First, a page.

Director: David Koepp
Cast: Johnny Depp, John Turturro, Maria Bello, Charles D. Sutton, Timothy Hutton
Plot: A writer, Morton Rainey, (Depp), reeling from a painful divorce, is stalked by a mysterious man (Turturro) in a top hat who claims Rainey plagiarised from him.
Secret Window is an odd, little thriller. On paper, it ticks all the boxes of a by-the-numbers mystery. It doesn’t help that Stephen King is once again reaching into his favourite narrative set-up: a kooky writer becomes victim to his own paranoia and imagination. Depp’s Morton Rainey is at the centre of a troubling brew of misery. His wife is divorcing him, after he caught her in bed with another man. A strange man turns up on his doorstep, threatening to go to the police if Rainey doesn’t admit that he copied his biggest success off of him. Writer’s block! Rainey struggles under the weight of these problems, which is exacerbated when bodies start showing up. It makes for all the trademarks of your everyday thriller.
It is the approach which breaks Secret Window from the norm. For a start, Koepp is far more interested in the characters than the gore or the scares. While Secret Window puts itself into the horror category, there are never really any moments that jump out at you in the horror category. Koepp is far more concerned with building atmosphere and letting the questions tick over in the background. Even the kills, a few of them gruesome in their own right, are cut away from, letting the imagination and sound-board do the dirty work for the director. No, Koepp puts far more faith in his leading man than his creeps. And Johnny Depp is easily the best thing about Secret Window. It is the kind of performance that only Depp can come out with. He takes everything traditional about a movie hero, throws it out the window and starts again. Depp finds a new definition for the word ‘scruffy’, actively distances himself from every other character and reacts to most shocks with a dry quip. And it is here that we find the trick to Secret Window’s success. Comedy. And I don’t mean comedy as in the slapstick variety, or even closeted satire. It is simply the smaller pieces of improvisation that Depp specialises in that brings a smile to your face. One scene sees him accidentally mistake his reflection for an attacker, causing him to smash his mirror. His reaction, and the following punch line, is quietly brilliant, the sort of oddball remark one would make when recovering from a sudden shock. There is also the dark looks he shoots the supporting cast behind their backs or the way he naturally walks around his house, on his own. Just the little flourishes like that, which few other actors would have even thought of, makes Depp’s character far more interesting and relatable than most other thriller leads. And this likeability is what makes the final twist all the more hard-hitting.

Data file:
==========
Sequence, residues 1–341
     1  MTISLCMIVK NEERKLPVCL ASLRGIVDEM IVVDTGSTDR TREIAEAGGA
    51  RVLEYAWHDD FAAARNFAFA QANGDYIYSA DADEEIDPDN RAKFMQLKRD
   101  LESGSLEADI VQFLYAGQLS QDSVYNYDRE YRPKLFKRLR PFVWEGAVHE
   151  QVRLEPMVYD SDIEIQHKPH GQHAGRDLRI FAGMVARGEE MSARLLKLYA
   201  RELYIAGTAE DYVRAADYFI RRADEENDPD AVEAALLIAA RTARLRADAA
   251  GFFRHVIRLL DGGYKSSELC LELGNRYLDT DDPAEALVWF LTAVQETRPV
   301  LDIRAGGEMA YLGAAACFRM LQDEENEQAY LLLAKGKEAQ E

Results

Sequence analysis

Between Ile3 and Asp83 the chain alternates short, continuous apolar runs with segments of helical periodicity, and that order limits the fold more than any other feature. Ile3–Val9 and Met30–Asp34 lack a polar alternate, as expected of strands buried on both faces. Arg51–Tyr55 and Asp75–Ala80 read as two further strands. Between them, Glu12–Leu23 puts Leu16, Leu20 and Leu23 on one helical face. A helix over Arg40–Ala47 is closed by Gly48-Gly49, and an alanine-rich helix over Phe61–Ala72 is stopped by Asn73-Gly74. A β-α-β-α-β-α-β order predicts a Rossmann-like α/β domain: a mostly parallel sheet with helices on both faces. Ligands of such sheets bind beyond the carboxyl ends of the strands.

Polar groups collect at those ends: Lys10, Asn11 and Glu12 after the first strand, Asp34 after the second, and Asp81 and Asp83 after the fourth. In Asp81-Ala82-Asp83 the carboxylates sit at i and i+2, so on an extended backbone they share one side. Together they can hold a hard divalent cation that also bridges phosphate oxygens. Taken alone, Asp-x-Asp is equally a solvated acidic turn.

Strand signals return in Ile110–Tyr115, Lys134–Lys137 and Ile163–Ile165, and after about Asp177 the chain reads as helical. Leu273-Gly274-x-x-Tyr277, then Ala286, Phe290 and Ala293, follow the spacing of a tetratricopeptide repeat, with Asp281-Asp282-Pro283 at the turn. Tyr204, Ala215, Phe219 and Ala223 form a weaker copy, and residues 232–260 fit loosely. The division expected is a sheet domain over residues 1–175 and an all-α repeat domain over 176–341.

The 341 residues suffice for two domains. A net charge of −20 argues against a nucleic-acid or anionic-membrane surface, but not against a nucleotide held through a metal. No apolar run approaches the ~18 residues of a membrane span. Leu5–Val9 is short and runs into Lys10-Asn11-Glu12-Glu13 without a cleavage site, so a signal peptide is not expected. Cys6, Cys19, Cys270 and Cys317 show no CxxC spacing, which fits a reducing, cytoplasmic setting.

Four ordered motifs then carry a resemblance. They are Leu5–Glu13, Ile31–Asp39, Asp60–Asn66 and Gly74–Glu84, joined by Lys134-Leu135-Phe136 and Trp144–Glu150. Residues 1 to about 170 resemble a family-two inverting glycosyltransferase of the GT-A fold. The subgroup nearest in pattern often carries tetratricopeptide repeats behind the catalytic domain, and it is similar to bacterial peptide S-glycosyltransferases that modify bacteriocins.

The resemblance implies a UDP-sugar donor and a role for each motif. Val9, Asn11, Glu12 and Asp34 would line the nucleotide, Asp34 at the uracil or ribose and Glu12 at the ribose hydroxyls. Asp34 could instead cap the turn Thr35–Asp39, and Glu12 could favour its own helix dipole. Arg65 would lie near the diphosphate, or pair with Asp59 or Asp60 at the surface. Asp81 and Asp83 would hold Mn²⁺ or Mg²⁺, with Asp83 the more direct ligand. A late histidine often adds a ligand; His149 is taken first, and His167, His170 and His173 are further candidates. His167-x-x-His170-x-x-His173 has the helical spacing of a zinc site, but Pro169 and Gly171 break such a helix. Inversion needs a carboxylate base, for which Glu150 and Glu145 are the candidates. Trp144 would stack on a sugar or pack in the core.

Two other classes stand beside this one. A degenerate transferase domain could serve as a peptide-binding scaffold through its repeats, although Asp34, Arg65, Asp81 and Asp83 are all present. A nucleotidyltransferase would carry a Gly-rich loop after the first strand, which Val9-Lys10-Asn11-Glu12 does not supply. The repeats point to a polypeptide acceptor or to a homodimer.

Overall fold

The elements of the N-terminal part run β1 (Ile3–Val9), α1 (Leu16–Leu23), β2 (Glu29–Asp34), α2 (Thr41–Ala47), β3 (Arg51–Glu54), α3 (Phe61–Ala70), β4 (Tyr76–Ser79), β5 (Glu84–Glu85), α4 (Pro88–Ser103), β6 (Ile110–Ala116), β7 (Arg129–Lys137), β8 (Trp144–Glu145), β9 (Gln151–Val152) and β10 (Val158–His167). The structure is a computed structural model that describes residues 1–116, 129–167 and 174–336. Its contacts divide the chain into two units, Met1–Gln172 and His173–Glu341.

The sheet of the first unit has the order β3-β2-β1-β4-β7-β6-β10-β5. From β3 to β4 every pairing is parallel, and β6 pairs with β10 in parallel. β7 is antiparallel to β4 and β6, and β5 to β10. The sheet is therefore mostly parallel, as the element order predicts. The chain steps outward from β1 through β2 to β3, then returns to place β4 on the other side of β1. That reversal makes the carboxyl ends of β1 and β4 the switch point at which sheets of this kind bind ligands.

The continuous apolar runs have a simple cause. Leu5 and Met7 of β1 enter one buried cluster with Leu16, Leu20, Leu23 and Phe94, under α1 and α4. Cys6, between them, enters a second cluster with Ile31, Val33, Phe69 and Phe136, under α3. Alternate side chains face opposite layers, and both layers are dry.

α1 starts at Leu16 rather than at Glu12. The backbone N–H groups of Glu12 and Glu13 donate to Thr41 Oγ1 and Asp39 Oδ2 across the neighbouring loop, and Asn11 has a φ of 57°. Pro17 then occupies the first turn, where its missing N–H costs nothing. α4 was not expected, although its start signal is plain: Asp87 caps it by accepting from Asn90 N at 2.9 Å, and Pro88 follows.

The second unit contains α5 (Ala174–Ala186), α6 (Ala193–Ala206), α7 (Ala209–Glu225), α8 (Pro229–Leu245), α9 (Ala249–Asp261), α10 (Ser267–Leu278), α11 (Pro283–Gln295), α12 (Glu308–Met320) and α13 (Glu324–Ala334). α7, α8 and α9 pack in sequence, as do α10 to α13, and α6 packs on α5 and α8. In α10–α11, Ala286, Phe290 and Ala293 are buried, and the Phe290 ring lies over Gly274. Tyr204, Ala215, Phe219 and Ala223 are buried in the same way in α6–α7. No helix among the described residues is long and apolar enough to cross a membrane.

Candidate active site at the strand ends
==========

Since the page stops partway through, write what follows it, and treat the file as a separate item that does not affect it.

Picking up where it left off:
Yes, this is one of those movies. The ones that could be accused of treading water until they get to their ‘big reveal’. Secret Window has been criticised by a few, suggesting that this is a movie that lives or dies on its central mystery. Yes, it is guessable. A few story beats accidentally show too much of its hand. A second watch is painful die to how heavy-handed it shoves its answer into the faces of the audience. In fact, figuring it out a few scenes too early, really does damage a lot of Secret Window’s quality. However, the twist still packs weight, mainly down to the chilling sequence that sees the movie off. It is quite nice watching the pieces fall together, especially in one scene that Koepp really flexes his director muscles. There is one trick with a mirror and Depp’s reflection that is a cheap, parlour trick, but I adore to pieces.
Final Verdict: Depp lifts this average thriller higher than you would expect, making this a hidden gem with a ‘marmite’ twist.